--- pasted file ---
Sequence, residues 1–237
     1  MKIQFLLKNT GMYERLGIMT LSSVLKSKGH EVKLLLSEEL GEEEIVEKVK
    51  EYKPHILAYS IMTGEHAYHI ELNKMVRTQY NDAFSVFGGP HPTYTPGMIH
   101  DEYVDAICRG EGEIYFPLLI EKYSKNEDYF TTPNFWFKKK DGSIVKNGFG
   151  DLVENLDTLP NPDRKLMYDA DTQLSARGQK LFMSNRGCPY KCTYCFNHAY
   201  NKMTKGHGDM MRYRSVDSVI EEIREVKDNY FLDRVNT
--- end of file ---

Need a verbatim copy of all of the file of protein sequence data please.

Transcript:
Sequence, residues 1–237
     1  MKIQFLLKNT GMYERLGIMT LSSVLKSKGH EVKLLLSEEL GEEEIVEKVK
    51  EYKPHILAYS IMTGEHAYHI ELNKMVRTQY NDAFSVFGGP HPTYTPGMIH
   101  DEYVDAICRG EGEIYFPLLI EKYSKNEDYF TTPNFWFKKK DGSIVKNGFG
   151  DLVENLDTLP NPDRKLMYDA DTQLSARGQK LFMSNRGCPY KCTYCFNHAY
   201  NKMTKGHGDM MRYRSVDSVI EEIREVKDNY FLDRVNT